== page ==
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Gastornithid eggs from France

Sorry for the typo in subject line...

On Thu, Apr 24, 2014 at 8:33 AM, Ben Creisler <bcreisler@gmail.com> wrote:
> From: Ben Creisler
> bcreisler@gmail.com
> A non-dino paper that may be of interest:
> D. Angst, E. Buffetaut, C. Lécuyer, R. Amiot, F. Smektala, S. Giner,
> A. Méchin, P. Méchin, A. Amoros, L. Leroy, M. Guiomar, H. Tong and A.
> Martinez (2014)
> Fossil avian eggs from the Palaeogene of southern France: new size
> estimates and a possible taxonomic identification of the egg-layer.
> Geological Magazine (advance online publication)
> DOI: http://dx.doi.org/10.1017/S0016756814000077
> Eggshell fragments attributed to large birds have been known from the
> Palaeogene of southern France for half a century, but reconstructing
> their original dimensions and identifying the birds that laid the eggs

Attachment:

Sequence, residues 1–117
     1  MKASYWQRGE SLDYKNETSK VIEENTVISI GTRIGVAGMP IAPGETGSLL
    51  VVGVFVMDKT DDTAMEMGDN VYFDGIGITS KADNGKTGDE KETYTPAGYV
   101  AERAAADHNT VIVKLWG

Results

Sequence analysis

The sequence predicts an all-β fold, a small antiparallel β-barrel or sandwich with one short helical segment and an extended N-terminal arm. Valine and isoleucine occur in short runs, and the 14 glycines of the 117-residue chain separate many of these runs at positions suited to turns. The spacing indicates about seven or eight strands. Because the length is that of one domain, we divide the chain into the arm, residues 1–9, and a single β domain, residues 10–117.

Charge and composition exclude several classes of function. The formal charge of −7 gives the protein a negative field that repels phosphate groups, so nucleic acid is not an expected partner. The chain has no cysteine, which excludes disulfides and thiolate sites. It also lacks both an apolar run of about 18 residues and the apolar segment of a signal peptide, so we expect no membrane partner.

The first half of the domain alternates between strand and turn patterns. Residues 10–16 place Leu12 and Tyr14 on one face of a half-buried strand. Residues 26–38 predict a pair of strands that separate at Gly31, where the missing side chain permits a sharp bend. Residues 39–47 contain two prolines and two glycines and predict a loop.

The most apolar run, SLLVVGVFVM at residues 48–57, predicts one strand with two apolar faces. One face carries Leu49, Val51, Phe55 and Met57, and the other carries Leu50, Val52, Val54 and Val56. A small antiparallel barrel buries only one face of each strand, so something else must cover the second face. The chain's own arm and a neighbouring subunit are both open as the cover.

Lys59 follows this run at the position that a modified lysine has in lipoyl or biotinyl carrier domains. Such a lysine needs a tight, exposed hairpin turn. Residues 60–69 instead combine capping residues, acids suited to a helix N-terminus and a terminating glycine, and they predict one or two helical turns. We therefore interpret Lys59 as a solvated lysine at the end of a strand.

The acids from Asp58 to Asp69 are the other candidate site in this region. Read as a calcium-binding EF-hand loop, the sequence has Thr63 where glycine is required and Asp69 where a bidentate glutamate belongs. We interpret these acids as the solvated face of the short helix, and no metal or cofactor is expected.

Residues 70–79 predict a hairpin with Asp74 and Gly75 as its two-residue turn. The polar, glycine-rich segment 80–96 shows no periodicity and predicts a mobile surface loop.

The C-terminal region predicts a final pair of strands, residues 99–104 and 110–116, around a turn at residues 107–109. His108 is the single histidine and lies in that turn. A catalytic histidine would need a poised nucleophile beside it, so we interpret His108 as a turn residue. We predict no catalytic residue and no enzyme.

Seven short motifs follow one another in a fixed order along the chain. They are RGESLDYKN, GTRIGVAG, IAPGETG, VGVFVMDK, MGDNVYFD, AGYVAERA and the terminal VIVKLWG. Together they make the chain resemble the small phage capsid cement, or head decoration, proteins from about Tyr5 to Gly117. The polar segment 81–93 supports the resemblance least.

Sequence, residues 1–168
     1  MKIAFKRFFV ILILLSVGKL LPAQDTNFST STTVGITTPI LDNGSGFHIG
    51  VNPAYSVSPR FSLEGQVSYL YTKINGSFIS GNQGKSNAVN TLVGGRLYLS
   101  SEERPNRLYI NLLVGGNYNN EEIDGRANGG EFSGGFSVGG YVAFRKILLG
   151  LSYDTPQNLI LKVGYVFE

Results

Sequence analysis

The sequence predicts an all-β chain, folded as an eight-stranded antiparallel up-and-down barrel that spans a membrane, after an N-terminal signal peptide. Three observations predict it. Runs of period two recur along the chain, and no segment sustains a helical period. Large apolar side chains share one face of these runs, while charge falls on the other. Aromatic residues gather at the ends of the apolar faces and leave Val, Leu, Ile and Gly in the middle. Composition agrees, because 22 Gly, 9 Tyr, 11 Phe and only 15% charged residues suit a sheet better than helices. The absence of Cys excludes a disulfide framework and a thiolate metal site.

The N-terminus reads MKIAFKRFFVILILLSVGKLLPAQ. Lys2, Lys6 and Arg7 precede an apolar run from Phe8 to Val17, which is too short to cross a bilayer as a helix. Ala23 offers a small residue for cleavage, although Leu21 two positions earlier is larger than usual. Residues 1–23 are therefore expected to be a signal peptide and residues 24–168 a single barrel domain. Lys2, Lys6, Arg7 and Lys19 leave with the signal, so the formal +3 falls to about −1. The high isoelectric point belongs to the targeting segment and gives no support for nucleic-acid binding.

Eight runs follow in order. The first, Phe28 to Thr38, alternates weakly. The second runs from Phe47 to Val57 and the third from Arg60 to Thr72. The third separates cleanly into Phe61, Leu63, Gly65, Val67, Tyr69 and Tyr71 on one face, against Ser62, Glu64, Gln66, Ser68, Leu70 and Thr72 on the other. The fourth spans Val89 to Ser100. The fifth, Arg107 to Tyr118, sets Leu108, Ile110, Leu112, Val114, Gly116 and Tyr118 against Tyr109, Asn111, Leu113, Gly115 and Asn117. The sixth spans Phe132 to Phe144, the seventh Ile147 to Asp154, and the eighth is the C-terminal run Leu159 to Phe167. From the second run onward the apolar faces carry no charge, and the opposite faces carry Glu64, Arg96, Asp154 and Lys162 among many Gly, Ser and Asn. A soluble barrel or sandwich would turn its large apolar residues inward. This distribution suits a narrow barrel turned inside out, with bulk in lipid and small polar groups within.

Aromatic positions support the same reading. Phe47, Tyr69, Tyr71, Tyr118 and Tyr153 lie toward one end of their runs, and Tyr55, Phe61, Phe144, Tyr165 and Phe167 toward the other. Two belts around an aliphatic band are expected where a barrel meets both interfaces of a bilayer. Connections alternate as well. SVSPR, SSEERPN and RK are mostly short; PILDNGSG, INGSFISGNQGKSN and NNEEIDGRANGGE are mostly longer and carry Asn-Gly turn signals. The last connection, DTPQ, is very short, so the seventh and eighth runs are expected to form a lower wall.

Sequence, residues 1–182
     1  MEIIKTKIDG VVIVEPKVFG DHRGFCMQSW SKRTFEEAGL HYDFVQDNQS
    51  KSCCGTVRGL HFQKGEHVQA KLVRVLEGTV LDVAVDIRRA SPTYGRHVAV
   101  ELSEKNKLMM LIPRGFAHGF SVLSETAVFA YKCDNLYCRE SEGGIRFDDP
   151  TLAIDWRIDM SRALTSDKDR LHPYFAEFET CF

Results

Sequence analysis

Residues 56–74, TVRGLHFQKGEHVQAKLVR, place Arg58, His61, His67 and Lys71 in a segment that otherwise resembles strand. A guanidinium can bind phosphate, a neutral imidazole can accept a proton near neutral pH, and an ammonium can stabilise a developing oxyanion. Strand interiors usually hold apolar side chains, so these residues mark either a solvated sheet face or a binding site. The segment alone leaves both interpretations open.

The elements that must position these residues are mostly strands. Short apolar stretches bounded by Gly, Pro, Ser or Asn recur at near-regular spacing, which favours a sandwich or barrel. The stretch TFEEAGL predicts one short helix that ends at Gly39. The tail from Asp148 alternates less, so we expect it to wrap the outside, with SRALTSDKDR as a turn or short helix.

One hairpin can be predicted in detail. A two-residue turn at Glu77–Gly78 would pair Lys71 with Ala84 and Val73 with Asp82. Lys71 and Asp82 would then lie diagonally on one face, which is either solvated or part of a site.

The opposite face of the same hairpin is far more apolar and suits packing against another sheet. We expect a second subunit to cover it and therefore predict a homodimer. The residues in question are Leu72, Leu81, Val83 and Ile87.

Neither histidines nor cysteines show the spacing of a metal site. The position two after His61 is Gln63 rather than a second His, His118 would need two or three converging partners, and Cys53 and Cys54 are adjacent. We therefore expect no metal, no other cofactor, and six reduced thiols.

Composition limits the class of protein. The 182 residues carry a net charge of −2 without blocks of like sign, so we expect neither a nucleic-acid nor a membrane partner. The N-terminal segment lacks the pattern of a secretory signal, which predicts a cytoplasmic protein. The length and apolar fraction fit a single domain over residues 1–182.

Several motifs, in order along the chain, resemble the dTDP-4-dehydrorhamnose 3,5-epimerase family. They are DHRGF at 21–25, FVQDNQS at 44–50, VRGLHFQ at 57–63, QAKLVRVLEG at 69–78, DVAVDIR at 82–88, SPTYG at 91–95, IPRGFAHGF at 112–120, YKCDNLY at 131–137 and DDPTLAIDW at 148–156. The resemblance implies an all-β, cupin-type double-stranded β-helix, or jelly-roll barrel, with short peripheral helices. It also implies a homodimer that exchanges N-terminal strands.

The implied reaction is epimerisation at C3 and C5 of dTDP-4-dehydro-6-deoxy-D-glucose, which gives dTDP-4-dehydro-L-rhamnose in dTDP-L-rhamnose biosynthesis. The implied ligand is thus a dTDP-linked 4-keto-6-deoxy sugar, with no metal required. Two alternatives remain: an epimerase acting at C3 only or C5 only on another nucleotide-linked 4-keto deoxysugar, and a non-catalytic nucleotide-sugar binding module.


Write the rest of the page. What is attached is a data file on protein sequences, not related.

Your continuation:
> has been fraught with difficulties. On the basis of numerous newly
> collected specimens and using geometrical calculations, the original
> size of the thick-shelled eggs is reconstructed, showing that they
> were slightly larger than ostrich eggs, with a greatest length of 17.8
> cm and a mean diameter of 12.0 cm in transversal section. The
> estimated volume is 1330.4 cm3. The fossil eggs from southern France
> are thus among the largest known avian eggs, being only surpassed by
> Aepyornis and some moas. Estimated egg mass is about 1.4 kg. On the
> basis of egg mass, the body mass of the parent bird is estimated at
> between 135.4 kg and 156.4 kg, assuming that the hatchlings were
> precocial. These calculations are in good agreement with the
> dimensions and mass estimates for the Palaeogene giant bird Gastornis,
> a probable anseriform, which lived in Europe at the time the eggs were
> laid. Other large Early Tertiary birds from Europe (Remiornis,
> Palaeotis) are too small to have laid these eggs. In all likelihood,
> the large eggs from the Palaeogene of southern France were laid by
> gastornithid birds.
> ===